Cummins (NYSE: CMI) perhaps tried to mitigate the impact of its bad news Tuesday, but the market homed in on the core of the company's trouble. Cummins started its press release of July 10 with a statement about the raising of its dividend, which it said reflected confidence in the company's long-term prospects and its financial position. While it's true that a dividend hike is a way of communicating a confident outlook, the market values a company based on its future cash flows. Those came into question Tuesday, when Cummins significantly lowered its forecast for 2012. Thus the stock fell 8.9% shortly after the release hit the wire, despite the company's best effort to stave a decline.
I discussed my expectations for the industrial sector in a recent article entitled, 5 Industrials to Consider Selling. The five industrial sector securities highlighted in that report were General Electric (NYSE: GE), Caterpillar (NYSE: CAT), Emerson Electric (NYSE: EMR) and Honeywell (NYSE: HON). In retrospect, I might have included Cummins as well. I included the Industrial Select Sector SPDR (NYSE: XLI) though, on my view that the entire industrial sector should come under pressure. Cummins supported that argument this week with its news, because it attributed its issues to some of the same culprits we discussed.
Cummins said its disappointment was due to weakness in some markets due to slowing global economic growth. Most troubling to the broader market, Cummins said its U.S. order trends for trucks and power generation softened. Furthermore, where it previously expected improvement in Brazil, India and China, it was finding slowing growth. The relative appreciation of the U.S. dollar also worked against the company this past quarter.
The company pledged to manage costs and to stay focused on the funding of its critical growth programs. It continues to seek operating margin improvement. And of course, it raised its quarterly dividend by 25% to 50 cents. At the close of trading Tuesday, that would peg the company's dividend yield at 2.3%. It was a noble effort, but investors could not help but question if this would be the beginning of something more, the start of a negative trend.
I've been warning for months now that Europe would infect us, as 20% of our exports are sold into the critical region. And I said Europe would infect even the emerging market BRIC nations, as global ties remained important against domestic development therein. Cummins' result only raises my concern about the rest of the industrial sector, a good portion of which will have a similar message to share this quarter and moving forward.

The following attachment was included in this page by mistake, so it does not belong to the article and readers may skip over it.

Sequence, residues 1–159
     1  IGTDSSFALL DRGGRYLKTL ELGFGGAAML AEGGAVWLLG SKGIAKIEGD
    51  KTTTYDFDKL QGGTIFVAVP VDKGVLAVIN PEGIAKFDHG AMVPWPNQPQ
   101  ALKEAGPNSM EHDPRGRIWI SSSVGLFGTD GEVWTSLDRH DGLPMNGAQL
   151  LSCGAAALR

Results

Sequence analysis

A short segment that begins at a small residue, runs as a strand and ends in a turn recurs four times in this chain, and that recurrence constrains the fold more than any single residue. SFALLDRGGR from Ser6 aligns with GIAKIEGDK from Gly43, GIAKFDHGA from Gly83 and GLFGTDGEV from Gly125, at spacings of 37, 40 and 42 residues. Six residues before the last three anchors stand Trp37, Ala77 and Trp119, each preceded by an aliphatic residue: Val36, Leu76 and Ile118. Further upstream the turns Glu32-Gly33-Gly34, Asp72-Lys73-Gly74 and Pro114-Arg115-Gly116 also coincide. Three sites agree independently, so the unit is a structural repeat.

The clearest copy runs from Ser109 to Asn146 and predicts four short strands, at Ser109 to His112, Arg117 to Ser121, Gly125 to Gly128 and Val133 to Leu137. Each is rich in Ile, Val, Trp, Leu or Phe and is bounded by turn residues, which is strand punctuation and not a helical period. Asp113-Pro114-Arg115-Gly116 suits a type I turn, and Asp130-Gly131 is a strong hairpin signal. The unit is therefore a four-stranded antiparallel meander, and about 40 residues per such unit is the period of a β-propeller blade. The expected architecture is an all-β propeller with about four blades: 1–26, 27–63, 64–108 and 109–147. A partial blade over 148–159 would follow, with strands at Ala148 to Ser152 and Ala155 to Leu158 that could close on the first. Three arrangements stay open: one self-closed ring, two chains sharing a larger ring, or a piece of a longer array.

Cummins said its revenue would more likely match those of 2011, rather than the 10% increase it had previously expected. Analysts had forecast revenue of $19.84 billion based on Yahoo Finance data, which would mark 9.9% growth over CMI's top line of $18.05 billion in 2011. Also, Cummins' second-quarter revenue was estimated by the company Tuesday to come in at $4.45 billion, against the average analysts' estimate of $5.07 billion.
Earnings estimates will now be revised downward, as unlike the stock price, those tend to adjust less than instantaneously. If the company earns what it did last year on a per share basis, at $9.07, then its P/E ratio is 9.6X. Analysts' five-year growth outlook was about 10.6% before this news broke. Assuming it drifts down to 10% now, then the company trades at a PEG ratio of roughly 1.0, based on these assumptions. That means the market price adjusting mechanism is well-oiled.
At this point, with the risk of a "second shoe" falling, something that often happens despite management confidence, I could not recommend the purchase of CMI. I'm not sure I would hold it either, but the PEG ratio we calculated here would justify it. Diversified portfolios might be better served looking to aerospace and defense or to stick with industrials serving energy and agriculture long term (not short term though), like Deere (NYSE: DE), for their industrial sector exposure. Iran remains on the horizon, and Boeing (NYSE: BA) continues to receive good news, most recently indirectly from Alcoa's (NYSE: AA) data. That said, eventually, aerospace would be impacted as well. While my view for agriculture remains favorable, I expect it would likewise suffer more immediately before recovering later.